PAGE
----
Primary care transformed: A provider story
Kim McGuinness has been an adult nurse practitioner for four years, and a registered nurse for six years before that. She went into nursing to help people, but was getting increasingly frustrated and burnt out. Patients with chronic conditions like high blood pressure and diabetes were coming in month after month with no improvement in their health status. “I felt like I was just running through the motions,” she says. “You know, ‘Here’s your next script, let’s give you more medicine.’”
Last year, Kim became a Super-Utilizer Fellow through a partnership between the Camden Coalition and Crozer-Keystone Health System, working in a primary care office two days a week and spending three days a week in the community, going on home visits and supporting care teams in Camden and the Delaware Valley. She has been learning all the aspects of our healthcare hotspotting model, from data collection to interprofessional teaming to the financial and management aspects of building a program to care for patients with complex health and social needs. And she says her practice has been completely transformed.
Where she was once burnt out she now feels energized, with the tools she needs to effectively care for patients with complex health and social needs.
“I think one of the biggest things I’ve learned is that if I only focus on my goals, I’m never going to help the patient or get through to the patient,” she says, “because they’re so focused on their goals, or there are other things that are keeping them from reaching the goals that I have. I’ve changed that focus to what the patient’s needs are.”
“I’m able to take a step back now. Instead of feeling so narrow and tunneled when a patient comes in with these complex issues, I feel like I’m able to break down those issues better and take it piece by piece.”
One of the biggest changes that Kim made is incorporating basic behavioral health screening and management into her visits. “We talk a lot about feelings,” she laughs. “There’s a joke among my students that I have a box of tissues in every room, and patients go through at least one of those boxes a day.”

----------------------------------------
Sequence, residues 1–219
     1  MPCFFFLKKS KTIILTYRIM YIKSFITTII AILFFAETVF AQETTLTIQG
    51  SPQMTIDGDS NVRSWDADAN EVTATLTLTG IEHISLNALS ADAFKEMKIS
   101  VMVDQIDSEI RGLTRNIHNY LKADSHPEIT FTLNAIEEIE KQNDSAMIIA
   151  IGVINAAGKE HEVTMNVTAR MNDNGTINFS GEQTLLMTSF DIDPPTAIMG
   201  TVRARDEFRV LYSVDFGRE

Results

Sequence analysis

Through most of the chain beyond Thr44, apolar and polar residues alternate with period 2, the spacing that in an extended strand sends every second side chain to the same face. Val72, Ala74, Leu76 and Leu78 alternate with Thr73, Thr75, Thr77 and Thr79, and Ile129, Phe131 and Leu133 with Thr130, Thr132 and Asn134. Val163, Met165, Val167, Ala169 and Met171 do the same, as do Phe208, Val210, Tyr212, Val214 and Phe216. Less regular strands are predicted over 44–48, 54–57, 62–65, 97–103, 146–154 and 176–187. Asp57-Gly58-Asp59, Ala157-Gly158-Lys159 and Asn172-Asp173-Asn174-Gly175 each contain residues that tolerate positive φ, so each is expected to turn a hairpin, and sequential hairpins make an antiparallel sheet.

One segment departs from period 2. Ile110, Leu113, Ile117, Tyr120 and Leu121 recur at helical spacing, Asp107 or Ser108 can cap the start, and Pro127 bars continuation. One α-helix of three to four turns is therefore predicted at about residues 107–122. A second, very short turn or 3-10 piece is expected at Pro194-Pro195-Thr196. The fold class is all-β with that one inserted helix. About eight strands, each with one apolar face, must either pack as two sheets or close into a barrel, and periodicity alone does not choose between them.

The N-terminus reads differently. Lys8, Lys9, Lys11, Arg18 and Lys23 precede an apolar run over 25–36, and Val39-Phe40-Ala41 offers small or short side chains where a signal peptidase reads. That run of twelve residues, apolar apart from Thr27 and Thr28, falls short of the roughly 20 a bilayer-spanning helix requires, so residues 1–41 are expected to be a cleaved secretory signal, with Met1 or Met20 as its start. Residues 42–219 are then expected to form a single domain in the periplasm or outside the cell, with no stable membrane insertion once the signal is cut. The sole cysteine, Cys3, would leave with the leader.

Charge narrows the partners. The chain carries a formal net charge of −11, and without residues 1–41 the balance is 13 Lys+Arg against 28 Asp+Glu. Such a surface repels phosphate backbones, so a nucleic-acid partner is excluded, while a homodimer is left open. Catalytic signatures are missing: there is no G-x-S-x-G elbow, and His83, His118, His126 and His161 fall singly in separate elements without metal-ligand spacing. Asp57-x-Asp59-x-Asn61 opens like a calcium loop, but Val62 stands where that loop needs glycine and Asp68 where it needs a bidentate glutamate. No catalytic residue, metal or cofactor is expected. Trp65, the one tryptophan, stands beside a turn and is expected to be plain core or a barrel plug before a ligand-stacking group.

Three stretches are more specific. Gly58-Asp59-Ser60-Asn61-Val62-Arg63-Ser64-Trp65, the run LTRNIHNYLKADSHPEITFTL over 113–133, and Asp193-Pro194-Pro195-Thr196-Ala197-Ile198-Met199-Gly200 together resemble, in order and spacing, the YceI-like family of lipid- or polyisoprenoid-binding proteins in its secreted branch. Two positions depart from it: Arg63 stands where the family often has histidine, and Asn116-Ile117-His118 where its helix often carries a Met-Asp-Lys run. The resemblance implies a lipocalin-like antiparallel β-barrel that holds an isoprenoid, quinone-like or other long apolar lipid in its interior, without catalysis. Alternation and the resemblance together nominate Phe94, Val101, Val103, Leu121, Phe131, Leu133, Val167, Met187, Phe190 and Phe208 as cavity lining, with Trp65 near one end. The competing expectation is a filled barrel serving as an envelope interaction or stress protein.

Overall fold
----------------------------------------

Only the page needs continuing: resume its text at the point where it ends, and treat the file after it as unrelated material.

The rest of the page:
Addressing patients’ underlying emotional issues can lead to breakthroughs, but requires give and take on both sides. Kim talks about a patient who came in demanding pain medication, a common struggle in health care settings that many providers have trouble addressing empathetically and effectively.
“I remember looking at his chart before he came into the office and immediately shutting down and saying to myself, ‘I’m not giving him these meds.’ And as I was doing that I became aware of how I was feeling, and allowed myself to open up and listen to what he had to say first before having that judgment, because that was just my initial instinct that had been coached into me. During that visit he was able to disclose some things that had happened to him in his history, and we talked a lot about how mental health and things that happened previously in his life affect his physical being. I did end up giving him pain meds that day, but we also came up with a plan that included seeking out behavioral health. And that felt really good. I was meeting the patient’s current needs, but also working on the true cause of what was causing that pain. If we had just worked on his back pain, we weren’t going to get anywhere except for continuing to give him meds and injections.”
Kim has finished her Super-Utilizer Fellowship, but she is continuing her work with the Camden Coalition as a preceptor in our Interprofessional Student Hotspotting Learning Collaborative, which trains interdisciplinary teams of health professional students on healthcare hotspotting, storytelling, and patient-centered care.
She says she wants to teach her students the importance of feelings, those of both the patients and the providers, which she sees as a significant gap in current medical education. “In nursing school you’re taught about active listening, and I’ve always carried that piece with me,” she says. “But even though I was actively listening, I don’t know how much I was feeling. Or how much I was really hearing.”
Armed with her fellowship experience, Kim is ready to start transforming health care in the same way that she has transformed her practice. To be effective for all patients, practices need to move toward what she calls “common-sense medicine”: integrated behavioral and physical health care, more social workers to help address patients’ social needs, training in interprofessional teaming, and the ability to go on home visits.
“It’s not every patient that needs [these changes],” she says, “but it’s these complex patients we see over and over again that aren’t making any progress in their care. We need to delve a little deeper into their lives and figure out what their true barriers are. No matter how many times I talk to them about their blood pressure, if they don’t have a house to live in, or they’re being abused at home, or they don’t have a job, I’m never gonna touch that blood pressure.”